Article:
Village Hotel Glasgow

126 Reviews

Star Travel Rating

4/5

Review type

Accommodation

Date of travel

May, 2017

Product name

Product country

Product city

Travelled with

Wife

Reasons for trip

The Place: Glasgow.
The Date: 19th to 20th Century.

Picture the scene; the heavily polluted and grimy River Clyde, the banks chock-full with run down warehousing, docks and shipyards, the skyline punctuated by a lattice-work of giant iron cranes. Huge cargo ships to-ing and fro-ing, smoky tugs and ferries criss-crossing the water, ship workers scurrying about shifting cargo. These workers were Giants of Men.

The commercial heart of Glasgow at Prince’s Dock was an industrious and industrial place to be, with not a lot to commend it to it’s own citizens, let alone to visitors.

As the industry declined, so the scene changed and in the 1980’s much of the docks area was filled in and levelled, airbrushing it from history.
Only a couple of beautifully ornate, red-brick buildings and one giant, central crane survive from the time.

A new parkland area was created here to host the 1988 Glasgow Garden Festival, a celebration of all things gardening. Now named Festival Park, it stands adjacent to the newly sparkling, clean waters of the River Clyde and next to Pacific Quay. How things change.

This area is the new hub for technology and creative industries and an example of inner city regeneration. Only seven miles from the airport, the district is superbly placed to attract tourists.
It hosts the SSE Hydro Arena, Glasgow Science Centre, Film City, an Imax screen, Glasgow Viewing Tower and the Scottish Exhibition and Conference Centre.
Also here is the Riverside Transport Museum – European Museum of the Year 2013 and a regular feature in Scotland’s top ten attractions.

All of these are a short walk from each other.

Fast boat rides can be taken along the Clyde, whilst for a gentler day, bring your bike and cycle the traffic free Clyde and Trossach’s cycle-path to Loch Lomond, only twenty miles away.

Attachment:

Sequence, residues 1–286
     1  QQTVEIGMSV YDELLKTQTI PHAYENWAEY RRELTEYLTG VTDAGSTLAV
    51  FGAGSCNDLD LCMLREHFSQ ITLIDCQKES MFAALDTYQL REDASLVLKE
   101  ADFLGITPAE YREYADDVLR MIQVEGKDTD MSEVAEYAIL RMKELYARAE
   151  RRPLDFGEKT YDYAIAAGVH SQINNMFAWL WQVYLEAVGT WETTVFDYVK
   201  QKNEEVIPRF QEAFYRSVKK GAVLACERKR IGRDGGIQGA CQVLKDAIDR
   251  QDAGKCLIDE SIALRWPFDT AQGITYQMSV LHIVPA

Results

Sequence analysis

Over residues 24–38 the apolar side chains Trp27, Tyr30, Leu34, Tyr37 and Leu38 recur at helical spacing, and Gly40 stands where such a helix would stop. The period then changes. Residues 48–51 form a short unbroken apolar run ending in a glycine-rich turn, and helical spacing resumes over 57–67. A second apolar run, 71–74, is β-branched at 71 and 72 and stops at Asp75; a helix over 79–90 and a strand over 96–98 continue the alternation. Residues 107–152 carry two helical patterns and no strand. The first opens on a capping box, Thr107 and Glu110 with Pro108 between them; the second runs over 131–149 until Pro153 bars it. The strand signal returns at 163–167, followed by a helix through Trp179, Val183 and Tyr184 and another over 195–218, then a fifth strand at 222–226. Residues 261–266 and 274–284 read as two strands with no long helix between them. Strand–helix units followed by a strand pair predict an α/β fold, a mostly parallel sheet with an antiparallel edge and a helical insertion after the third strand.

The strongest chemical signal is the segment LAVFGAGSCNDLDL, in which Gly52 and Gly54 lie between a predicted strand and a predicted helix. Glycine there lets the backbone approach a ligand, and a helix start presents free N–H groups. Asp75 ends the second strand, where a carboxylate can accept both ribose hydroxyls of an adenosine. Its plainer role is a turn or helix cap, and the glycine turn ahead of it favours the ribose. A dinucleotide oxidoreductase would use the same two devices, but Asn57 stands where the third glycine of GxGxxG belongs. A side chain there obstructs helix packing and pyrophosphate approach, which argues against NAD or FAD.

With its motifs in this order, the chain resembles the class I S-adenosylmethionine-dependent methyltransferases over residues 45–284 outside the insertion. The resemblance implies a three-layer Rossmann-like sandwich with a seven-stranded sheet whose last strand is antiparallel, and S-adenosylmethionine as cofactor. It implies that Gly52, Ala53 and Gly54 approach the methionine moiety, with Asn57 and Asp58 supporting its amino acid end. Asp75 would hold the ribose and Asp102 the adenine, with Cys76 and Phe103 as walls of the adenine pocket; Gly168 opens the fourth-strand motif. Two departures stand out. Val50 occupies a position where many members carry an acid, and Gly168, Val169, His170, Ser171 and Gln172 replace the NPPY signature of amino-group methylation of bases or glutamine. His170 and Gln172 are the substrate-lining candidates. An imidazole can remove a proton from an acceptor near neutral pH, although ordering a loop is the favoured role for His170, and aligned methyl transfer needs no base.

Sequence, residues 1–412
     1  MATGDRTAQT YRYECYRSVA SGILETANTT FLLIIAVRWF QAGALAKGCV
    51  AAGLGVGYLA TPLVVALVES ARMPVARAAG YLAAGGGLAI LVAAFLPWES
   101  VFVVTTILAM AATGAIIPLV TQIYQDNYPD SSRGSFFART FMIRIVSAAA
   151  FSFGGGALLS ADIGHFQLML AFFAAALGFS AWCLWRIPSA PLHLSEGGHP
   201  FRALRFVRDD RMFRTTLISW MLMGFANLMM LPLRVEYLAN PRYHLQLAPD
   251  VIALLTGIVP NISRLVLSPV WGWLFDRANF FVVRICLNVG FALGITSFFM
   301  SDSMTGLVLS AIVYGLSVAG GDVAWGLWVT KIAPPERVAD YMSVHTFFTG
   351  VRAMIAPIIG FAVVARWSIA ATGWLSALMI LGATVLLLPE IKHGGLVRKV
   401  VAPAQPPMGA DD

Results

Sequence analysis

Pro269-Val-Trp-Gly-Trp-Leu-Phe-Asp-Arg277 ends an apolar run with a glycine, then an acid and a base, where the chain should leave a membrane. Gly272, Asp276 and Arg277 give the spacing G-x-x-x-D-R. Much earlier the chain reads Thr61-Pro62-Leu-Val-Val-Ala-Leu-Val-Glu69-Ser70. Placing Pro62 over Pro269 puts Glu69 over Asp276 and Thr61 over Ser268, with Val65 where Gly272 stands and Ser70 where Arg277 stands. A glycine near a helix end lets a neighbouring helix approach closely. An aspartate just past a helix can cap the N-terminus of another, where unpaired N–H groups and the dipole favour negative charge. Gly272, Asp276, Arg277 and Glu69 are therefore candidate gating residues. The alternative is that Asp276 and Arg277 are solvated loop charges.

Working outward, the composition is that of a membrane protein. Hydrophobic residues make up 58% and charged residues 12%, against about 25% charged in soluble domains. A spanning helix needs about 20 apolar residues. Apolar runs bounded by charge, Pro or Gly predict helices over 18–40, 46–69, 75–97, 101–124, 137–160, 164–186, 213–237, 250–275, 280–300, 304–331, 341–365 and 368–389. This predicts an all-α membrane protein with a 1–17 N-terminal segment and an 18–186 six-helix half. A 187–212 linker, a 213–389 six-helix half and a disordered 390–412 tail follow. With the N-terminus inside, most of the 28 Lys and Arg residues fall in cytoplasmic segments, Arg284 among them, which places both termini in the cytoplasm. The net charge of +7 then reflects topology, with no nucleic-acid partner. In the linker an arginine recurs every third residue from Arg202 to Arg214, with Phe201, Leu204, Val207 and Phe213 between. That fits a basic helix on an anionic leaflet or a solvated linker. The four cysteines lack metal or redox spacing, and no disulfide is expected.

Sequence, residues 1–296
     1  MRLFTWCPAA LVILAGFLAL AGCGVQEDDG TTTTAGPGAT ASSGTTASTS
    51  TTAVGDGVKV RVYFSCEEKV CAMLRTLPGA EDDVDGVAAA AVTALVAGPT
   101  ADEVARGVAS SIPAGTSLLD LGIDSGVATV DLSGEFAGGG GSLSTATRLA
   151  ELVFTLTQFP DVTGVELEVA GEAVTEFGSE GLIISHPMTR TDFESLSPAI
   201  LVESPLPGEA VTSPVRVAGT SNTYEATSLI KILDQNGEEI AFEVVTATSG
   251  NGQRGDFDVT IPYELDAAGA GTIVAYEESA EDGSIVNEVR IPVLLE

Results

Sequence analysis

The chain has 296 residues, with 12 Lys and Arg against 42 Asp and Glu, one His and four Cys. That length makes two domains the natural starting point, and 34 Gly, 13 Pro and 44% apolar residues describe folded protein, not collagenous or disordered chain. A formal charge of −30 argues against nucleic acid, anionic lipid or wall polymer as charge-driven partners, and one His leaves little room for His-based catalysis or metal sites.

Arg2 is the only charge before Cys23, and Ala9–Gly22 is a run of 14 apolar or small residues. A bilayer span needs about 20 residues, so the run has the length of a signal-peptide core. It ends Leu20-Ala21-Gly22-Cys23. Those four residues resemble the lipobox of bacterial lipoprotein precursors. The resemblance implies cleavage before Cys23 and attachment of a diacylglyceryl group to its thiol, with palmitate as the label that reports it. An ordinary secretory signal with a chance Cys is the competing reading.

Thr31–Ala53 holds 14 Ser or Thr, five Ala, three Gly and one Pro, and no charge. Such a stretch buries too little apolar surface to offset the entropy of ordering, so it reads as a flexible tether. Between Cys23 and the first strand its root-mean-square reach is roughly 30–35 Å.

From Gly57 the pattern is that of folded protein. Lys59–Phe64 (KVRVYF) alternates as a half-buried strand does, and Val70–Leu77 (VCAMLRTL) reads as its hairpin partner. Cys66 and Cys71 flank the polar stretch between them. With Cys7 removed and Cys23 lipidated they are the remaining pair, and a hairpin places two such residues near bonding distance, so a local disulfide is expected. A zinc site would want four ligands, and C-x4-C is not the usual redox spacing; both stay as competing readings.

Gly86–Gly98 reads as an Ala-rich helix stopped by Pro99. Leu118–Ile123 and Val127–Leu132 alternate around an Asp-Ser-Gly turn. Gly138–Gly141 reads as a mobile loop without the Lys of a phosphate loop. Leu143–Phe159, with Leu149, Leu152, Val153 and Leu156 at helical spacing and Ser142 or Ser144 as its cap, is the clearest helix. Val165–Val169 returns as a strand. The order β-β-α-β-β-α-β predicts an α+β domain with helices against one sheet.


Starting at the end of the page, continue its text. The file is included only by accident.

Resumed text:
There are numerous hotels along the banks at this location, all of them grey, dull boxes of no architectural merit, as are the STV and BBC buildings. All of this could have been so much better aesthetically.
However, I digress. So, where to stay on my city break as a first time visitor to the city?

The U.S. owned Village Hotel Club was formed in 1995 and runs 28 hotels throughout the U.K.
There are twenty ‘Legacy Hotels’ and eight ‘Black Box Hotels’, depending on the style and age of the buildings.

The recently opened, ultra modern ‘Black Box’ styled hotel at Festival Park is a monument to modern Scandi-style.
It is an impressive and striking statement of a building, appearing as a stylish, oblong, matt black box.
It has the all important, large free car park of it’s own.

This hotel does not have the advantage of being directly on the riverbank but is away over a dual-carriageway (toucan crossing), still only a short walk from the river and all the associated attractions however.
There is a bus every ten minutes into the city centre (one and a half miles away) from outside the hotel.

On entering the glossy reception area, whilst there is always some-one on hand to assist, pre-booked guests can check in to a choice of 120 rooms on the desk mounted iPads with only five clicks, taking all the stress out of the procedure. This was simple even for a dinosaur like me.